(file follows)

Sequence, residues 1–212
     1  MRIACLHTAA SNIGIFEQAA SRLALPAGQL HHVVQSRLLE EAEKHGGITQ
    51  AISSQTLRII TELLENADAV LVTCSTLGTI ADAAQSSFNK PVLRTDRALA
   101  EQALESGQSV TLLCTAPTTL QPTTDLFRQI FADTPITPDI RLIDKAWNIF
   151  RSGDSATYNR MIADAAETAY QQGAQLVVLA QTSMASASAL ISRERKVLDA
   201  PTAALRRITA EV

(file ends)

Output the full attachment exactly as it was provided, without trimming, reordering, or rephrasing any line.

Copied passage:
Sequence, residues 1–212
     1  MRIACLHTAA SNIGIFEQAA SRLALPAGQL HHVVQSRLLE EAEKHGGITQ
    51  AISSQTLRII TELLENADAV LVTCSTLGTI ADAAQSSFNK PVLRTDRALA
   101  EQALESGQSV TLLCTAPTTL QPTTDLFRQI FADTPITPDI RLIDKAWNIF
   151  RSGDSATYNR MIADAAETAY QQGAQLVVLA QTSMASASAL ISRERKVLDA
   201  PTAALRRITA EV